Wilhelm Burgdorf

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Wilhelm Burgdorf
Wilhelm Burgdorf
Born (1895-02-15)15 February 1895
Died 2 May 1945(1945-05-02) (aged 50)
Service/branch Heer
Rank General der Infanterie
Commands held Infanterie-Regiment 529
  • World War I
  • World War II
Awards Knight's Cross of the Iron Cross

Wilhelm Emanuel Burgdorf (15 February 1895 – 2 May 1945[1]) was a German general. Born in Fürstenwalde, Burgdorf served as a commander and staff officer in the German Army during World War II.

Military career[edit]

Burgdorf joined the German Army (Reichsheer) at the outbreak of World War I as an officer cadet and was commissioned as an infantry officer in Grenadier Regiment 12 in 1915. Between the wars he served in the Reichswehr and was promoted to captain in 1930. In 1935 he became an instructor in tactics at the military academy in Dresden with the rank of major and was appointed an adjutant on the staff of the IX corps in 1937. He was promoted to lieutenant colonel in 1938 and served as the commander of the 529th Infantry Regiment from May 1940 to April 1942. In May 1942, he became Chief of Department 2 of the Army Personnel Office. Burgdorf became the Deputy Chief in October 1942, when he was promoted to Generalmajor. Burgdorf was promoted to Chief of the Army Personnel Office (Heerespersonalamt) and Chief Adjutant to Adolf Hitler in October 1944. At that time, he was further promoted in rank to Generalleutnant. Burgdorf retained that rank and position until his death.[2]

Erwin Rommel[edit]

As part of Burgdorf's function as Hitler's chief adjutant, he played a key role in the death of Field Marshal Erwin Rommel. Rommel had been implicated as having a peripheral role in the bomb plot of 20 July 1944, in which an attempt was made to assassinate Hitler. Hitler recognised that to haul the most popular general in Germany before a People's Court would cause a scandal throughout Germany[3] and accordingly arranged a face-saving maneuver.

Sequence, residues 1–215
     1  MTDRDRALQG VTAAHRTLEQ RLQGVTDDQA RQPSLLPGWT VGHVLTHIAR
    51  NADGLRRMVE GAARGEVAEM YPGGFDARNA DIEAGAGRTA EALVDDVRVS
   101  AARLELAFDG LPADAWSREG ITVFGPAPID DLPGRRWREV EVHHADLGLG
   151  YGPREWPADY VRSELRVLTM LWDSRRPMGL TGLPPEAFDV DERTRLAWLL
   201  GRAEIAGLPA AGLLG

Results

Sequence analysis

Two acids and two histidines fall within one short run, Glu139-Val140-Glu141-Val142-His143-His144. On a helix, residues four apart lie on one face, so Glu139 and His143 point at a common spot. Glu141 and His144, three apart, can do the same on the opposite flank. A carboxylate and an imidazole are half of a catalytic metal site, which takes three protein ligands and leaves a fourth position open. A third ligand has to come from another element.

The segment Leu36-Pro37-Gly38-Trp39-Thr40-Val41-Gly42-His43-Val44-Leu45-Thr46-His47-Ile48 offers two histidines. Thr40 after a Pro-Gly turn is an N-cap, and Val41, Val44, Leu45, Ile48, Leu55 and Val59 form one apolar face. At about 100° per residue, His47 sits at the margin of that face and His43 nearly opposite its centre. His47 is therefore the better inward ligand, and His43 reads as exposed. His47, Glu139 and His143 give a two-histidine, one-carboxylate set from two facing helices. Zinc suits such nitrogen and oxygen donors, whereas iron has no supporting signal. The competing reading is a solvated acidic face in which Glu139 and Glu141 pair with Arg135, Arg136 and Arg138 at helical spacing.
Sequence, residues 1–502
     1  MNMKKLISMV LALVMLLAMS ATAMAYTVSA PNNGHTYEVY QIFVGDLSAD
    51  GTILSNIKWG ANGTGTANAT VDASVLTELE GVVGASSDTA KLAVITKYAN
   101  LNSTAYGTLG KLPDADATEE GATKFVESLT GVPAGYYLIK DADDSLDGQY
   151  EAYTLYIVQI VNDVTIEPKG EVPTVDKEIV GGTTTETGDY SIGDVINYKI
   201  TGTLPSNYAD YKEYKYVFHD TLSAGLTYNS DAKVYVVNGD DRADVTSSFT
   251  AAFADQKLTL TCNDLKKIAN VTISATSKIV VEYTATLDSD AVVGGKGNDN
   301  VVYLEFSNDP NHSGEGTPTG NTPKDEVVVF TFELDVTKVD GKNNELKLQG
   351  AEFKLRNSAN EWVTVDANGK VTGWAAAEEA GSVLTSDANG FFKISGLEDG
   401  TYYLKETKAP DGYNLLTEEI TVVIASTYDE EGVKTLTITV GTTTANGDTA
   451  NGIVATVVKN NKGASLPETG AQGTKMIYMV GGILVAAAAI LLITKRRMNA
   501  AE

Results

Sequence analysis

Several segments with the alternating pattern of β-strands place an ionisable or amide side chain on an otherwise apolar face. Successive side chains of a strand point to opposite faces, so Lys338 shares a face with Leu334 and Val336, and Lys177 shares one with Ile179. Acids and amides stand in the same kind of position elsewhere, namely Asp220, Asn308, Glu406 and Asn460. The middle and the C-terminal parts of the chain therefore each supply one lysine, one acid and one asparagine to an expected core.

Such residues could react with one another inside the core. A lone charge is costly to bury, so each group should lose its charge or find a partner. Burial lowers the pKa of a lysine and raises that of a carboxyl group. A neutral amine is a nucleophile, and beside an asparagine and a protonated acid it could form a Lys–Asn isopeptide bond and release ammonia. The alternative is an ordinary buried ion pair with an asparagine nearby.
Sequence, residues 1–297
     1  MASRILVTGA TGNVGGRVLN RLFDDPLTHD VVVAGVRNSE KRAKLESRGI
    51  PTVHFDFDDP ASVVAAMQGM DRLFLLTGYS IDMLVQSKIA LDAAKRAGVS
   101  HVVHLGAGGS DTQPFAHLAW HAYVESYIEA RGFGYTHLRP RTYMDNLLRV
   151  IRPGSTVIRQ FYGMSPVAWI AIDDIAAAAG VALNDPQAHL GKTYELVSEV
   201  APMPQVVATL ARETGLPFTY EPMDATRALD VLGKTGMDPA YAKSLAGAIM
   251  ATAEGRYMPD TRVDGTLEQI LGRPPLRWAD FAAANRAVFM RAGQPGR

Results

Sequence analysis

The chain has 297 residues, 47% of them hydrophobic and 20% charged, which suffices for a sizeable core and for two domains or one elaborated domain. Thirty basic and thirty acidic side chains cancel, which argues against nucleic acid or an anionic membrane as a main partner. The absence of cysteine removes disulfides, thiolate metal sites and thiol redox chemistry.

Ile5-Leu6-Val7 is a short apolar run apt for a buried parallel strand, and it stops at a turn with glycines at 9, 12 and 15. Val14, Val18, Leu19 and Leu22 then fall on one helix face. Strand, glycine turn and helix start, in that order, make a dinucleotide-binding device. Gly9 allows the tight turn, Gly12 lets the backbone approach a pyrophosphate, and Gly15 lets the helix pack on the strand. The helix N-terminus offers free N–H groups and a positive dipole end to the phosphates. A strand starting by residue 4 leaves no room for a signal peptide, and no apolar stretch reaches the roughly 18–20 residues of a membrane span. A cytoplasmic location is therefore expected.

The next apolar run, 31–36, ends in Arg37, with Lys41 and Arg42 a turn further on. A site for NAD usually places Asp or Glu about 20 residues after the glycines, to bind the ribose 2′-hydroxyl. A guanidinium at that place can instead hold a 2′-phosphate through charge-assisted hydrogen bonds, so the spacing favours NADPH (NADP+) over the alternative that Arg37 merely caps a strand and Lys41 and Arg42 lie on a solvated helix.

On 14 October 1944, Burgdorf, with General Ernst Maisel, arrived at the Rommel household. Burgdorf had been instructed by Field Marshal Wilhelm Keitel to offer Rommel a choice – take poison, receive a state funeral, and obtain immunity for his family and staff, or face a trial for treason.[4] Rommel drove away with Burgdorf and Maisel. Rommel's family received a telephone call 10 minutes later informing them that Rommel had committed suicide.


Shortly before the Battle of Berlin, Philipp Freiherr von Boeselager overheard Burgdorf say: "When the war is over, we will have to purge, after the Jews, the Catholic officers in the army."[5] Boeselager was a Roman Catholic Wehrmacht officer and vocally objected, citing his own decorations for heroism in combat. He left before Burgdorf answered.

Burgdorf joined Hitler in the Führerbunker when the Soviets assaulted Berlin. On 28 April, Hitler discovered that Heinrich Himmler tried to negotiate a surrender to the western Allies via Count Folke Bernadotte. Burgdorf took part in Hitler's court-martial of Hermann Fegelein, Himmler's SS liaison officer and Eva Braun's brother-in-law. SS-General Wilhelm Mohnke presided over the tribunal, which included SS-General Johann Rattenhuber and General Hans Krebs. Fegelein was drunk and in no condition to stand trial: Mohnke closed the proceedings and turned Fegelein over to Rattenhuber and his security squad.[6]

On 29 April 1945, Burgdorf, Krebs, Joseph Goebbels, and Martin Bormann witnessed and signed Hitler's last will and testament.[7] On 2 May, following the earlier suicides of Hitler and Goebbels, Burgdorf and his colleague Chief of Staff Hans Krebs committed suicide by gunshot to the head.[1] Soviet personnel found the bodies of Krebs and Burgdorf in the bunker complex.[8]

Awards and decorations[edit]

See also[edit]


  1. ^ a b Beevor 2002, p. 387.
  2. ^ Joachimsthaler 1999, p. 286.
  3. ^ Wilhelm Keitel, Nuremberg testimony
  4. ^ Manfred Rommel, Nuremberg testimony
  5. ^ von Boeselager 2009, p. 177.
  6. ^ O'Donnell 1978, pp. 182–183.
  7. ^ Bullock 1962, p. 795.
  8. ^ Ryan 1966, p. 398.
  9. ^ Fellgiebel 2000, p. 150.


Further reading[edit]

  • Lehrer, Steven (2002). Hitler Sites: A City-By-City Guidebook (Austria, Germany, France, United States). McFarland. p. 224. ISBN 0-7864-1045-0. 
  • Lehrer, Steven (2006). The Reich Chancellery and Führerbunker Complex: An Illustrated History of the Seat of the Nazi Regime. McFarland. p. 214. ISBN 0-7864-2393-5. 

External links[edit]